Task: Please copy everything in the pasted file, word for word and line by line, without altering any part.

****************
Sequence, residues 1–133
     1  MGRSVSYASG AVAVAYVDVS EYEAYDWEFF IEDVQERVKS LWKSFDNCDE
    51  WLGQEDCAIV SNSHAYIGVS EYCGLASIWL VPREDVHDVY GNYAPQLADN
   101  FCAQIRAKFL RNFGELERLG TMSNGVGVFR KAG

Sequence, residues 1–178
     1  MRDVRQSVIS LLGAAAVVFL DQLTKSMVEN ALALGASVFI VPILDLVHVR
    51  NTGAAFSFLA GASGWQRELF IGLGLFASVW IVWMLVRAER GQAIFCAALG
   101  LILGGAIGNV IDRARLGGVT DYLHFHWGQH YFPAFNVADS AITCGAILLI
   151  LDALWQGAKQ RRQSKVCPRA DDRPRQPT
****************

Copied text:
Sequence, residues 1–133
     1  MGRSVSYASG AVAVAYVDVS EYEAYDWEFF IEDVQERVKS LWKSFDNCDE
    51  WLGQEDCAIV SNSHAYIGVS EYCGLASIWL VPREDVHDVY GNYAPQLADN
   101  FCAQIRAKFL RNFGELERLG TMSNGVGVFR KAG

Sequence, residues 1–178
     1  MRDVRQSVIS LLGAAAVVFL DQLTKSMVEN ALALGASVFI VPILDLVHVR
    51  NTGAAFSFLA GASGWQRELF IGLGLFASVW IVWMLVRAER GQAIFCAALG
   101  LILGGAIGNV IDRARLGGVT DYLHFHWGQH YFPAFNVADS AITCGAILLI
   151  LDALWQGAKQ RRQSKVCPRA DDRPRQPT